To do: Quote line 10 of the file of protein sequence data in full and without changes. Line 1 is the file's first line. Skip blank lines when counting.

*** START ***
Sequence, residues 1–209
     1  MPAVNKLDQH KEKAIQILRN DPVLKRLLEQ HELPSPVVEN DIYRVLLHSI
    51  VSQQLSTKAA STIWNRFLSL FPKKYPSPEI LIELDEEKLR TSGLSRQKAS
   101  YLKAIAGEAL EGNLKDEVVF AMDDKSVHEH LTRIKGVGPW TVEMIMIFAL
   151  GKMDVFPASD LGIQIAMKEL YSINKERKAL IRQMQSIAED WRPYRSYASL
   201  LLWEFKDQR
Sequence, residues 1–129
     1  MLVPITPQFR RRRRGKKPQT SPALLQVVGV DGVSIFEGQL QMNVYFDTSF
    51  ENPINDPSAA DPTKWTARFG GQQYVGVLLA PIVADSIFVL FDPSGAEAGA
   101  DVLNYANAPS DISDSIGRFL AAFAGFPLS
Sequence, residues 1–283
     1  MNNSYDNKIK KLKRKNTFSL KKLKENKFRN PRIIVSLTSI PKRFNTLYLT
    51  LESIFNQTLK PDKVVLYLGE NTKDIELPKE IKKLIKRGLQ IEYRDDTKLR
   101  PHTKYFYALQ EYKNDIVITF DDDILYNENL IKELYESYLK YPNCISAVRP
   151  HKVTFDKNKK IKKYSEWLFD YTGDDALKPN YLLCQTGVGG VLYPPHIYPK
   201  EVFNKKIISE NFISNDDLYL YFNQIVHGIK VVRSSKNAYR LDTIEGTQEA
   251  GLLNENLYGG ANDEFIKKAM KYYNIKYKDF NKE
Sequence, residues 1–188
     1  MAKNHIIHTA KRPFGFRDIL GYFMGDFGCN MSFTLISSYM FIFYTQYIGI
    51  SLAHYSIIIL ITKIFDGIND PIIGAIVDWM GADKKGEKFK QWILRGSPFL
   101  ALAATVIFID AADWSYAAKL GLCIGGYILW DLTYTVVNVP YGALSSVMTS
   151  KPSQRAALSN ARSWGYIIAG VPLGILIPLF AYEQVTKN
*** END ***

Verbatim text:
   101  DVLNYANAPS DISDSIGRFL AAFAGFPLS